People around the UK are being urged to take part in the first Great British Bee Count, which starts today (Tuesday 10 June 2014) and runs until the end of August, to help scientists build a nationwide picture of bee health.
Friends of the Earth, B&Q and Buglife have developed a free smartphone app to enable people to easily identify bees and log sightings while out and about, as part of the organisations’ work to reverse the severe decline in bee populations in recent years.
You can download the Great British Bee Count app at App Store and Google Play or record sightings at www.greatbritishbeecount.com.
By reporting the type, numbers and locations of bees they see, people will be contributing data to the National Biodiversity Network, used by experts investigating the plight of bees and the steps needed to help them.
More than 20 UK bee species are already extinct and about a quarter of the remaining 267 species are at risk.
The Great British Bee Count results will be published in the autumn and could help inform action taken by the Government as part of its National Pollinator Strategy for protecting bees and other pollinators.
Bee expert Professor Dave Goulson, author of A Sting in the Tale, said:
“The data that people collect will do an important job to help scientists fill in the blanks about where bees are thriving – and where they’re in trouble.”
People are being encouraged to spot bees on as many occasions as they like up until 31 August 2014. The time period has been chosen because bees are at their most active over the warm summer months when more plants are flowering.
Friends of the Earth’s Executive Director Andy Atkins said:
“We hope that thousands of people download the app this summer – the great thing is that you don’t need to be an expert, everyone can get involved and be part of the generation that helps save our bees.
“We want this to become an annual event as it’s a great way for people to learn more about this iconic species and work out the best ways to help them.”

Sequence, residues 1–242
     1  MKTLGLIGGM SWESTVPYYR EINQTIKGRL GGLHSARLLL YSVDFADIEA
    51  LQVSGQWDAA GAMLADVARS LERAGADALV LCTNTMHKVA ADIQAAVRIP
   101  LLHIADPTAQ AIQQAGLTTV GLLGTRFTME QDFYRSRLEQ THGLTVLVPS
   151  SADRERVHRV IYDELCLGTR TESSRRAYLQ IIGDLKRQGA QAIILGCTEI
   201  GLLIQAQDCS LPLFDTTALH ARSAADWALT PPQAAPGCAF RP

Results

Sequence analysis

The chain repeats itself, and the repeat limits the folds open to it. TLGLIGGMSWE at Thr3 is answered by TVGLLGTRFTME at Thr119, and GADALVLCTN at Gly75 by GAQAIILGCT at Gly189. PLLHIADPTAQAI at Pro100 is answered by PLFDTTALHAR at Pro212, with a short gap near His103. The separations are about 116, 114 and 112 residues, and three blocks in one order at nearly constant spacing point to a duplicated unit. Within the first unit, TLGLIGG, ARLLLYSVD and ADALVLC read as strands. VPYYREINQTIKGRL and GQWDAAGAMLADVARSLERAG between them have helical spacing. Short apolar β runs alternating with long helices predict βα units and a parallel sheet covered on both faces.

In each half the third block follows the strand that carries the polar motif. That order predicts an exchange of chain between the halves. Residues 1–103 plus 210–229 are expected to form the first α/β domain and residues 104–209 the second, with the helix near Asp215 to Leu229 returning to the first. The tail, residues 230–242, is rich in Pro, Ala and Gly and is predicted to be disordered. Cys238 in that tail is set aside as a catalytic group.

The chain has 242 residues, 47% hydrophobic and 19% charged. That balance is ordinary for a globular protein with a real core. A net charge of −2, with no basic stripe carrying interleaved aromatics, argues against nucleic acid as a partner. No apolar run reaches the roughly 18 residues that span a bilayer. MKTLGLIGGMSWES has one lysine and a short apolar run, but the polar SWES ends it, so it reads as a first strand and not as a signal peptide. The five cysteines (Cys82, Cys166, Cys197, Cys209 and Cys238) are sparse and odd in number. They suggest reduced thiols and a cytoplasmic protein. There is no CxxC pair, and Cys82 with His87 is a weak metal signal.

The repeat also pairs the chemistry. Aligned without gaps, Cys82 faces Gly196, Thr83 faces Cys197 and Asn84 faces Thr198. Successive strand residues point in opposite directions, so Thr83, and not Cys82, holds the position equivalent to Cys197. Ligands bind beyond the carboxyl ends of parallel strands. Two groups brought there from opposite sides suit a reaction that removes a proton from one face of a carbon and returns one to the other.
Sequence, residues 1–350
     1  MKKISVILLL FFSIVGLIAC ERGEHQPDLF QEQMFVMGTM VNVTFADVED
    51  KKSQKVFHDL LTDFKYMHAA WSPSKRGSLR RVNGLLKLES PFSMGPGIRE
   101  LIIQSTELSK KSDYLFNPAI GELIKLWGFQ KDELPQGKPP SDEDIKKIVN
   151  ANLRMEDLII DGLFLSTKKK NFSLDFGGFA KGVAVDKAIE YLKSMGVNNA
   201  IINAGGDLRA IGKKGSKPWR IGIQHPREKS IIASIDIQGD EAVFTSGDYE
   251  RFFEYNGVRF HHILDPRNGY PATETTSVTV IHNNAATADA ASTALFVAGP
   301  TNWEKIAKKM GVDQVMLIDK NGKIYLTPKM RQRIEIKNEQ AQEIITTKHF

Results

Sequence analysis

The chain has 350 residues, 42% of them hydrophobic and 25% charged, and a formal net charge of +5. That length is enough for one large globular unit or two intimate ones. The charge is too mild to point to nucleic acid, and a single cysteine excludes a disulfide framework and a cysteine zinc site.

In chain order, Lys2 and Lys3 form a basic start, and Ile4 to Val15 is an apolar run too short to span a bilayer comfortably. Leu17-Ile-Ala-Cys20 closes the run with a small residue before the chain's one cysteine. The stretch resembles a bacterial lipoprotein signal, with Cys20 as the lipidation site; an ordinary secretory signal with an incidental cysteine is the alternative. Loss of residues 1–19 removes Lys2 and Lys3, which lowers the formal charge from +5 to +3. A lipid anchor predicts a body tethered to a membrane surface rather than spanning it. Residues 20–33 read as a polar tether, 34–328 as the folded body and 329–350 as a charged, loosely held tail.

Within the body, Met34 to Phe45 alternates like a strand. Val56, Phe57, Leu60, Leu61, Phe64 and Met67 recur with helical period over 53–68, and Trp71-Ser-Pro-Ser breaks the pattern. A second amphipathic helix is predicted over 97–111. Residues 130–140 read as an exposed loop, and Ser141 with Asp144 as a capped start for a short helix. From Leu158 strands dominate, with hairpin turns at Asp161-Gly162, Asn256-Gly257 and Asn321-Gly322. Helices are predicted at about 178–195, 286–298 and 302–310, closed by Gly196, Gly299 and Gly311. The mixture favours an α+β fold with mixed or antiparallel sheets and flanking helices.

Director of Corporate Social Responsibility at B&Q, Matthew Sexton, said:
“As the UK’s largest garden centre, we’re proud to be a partner of the Great British Bee Count. We’ve been concerned for many years about declining bee health, which is why we work closely with Friends of the Earth.
“We know how vital bees are to keeping our gardens and countryside healthy and there’s lots gardeners can do, with our help, to support hungry bees, such as planting bee friendly plants, starting a bee café and planting a Friends of the Earth Bee World – all of which you can learn more about by popping into your local B&Q or visiting www.diy.com/bees and www.foe.co.uk/bees.”
How the Great British Bee Count could help bees:
There’s currently no accurate picture of the condition of UK bees. This survey will help scientists answer a number of key questions about particular species, such as:
• As the climate changes, is the tree bumblebee, frequently seen in the south of the UK, now foraging in the north?
• The tawny mining bee builds its nest underground, but what habitat does it prefer? Gardens, allotments, countryside?
• How are honey bees doing around the country? There’s been a lot of concern about the rate at which honey bee colonies are vanishing.
Key facts about bees:
• Bees pollinate 75% of our main crops worldwide, including some of our favourite fruits like apples, strawberries and tomatoes, and textiles such as cotton.
• We have bees to thank for snacks like Bakewell Tart (cherries and almonds are bee pollinated) and popular summer drinks from cider (bees pollinate apples and boost their flavour) to gin and tonic (tonic water is flavoured with quinine, made from bee-pollinated Cinchona).
• An independent study by the University of Reading estimates that it would cost over £1.8 billion every year to pollinate UK crops by hand.
• One of the biggest threats to bees is their food and nesting sites disappearing, with 97% of wildflower meadow habitats lost in the past 60 years.
• The UK has more than 240 species of wild bumblebee and solitary bee. Since 1900 more than 20 species of bee have become extinct – and more than a quarter of those remaining are under threat.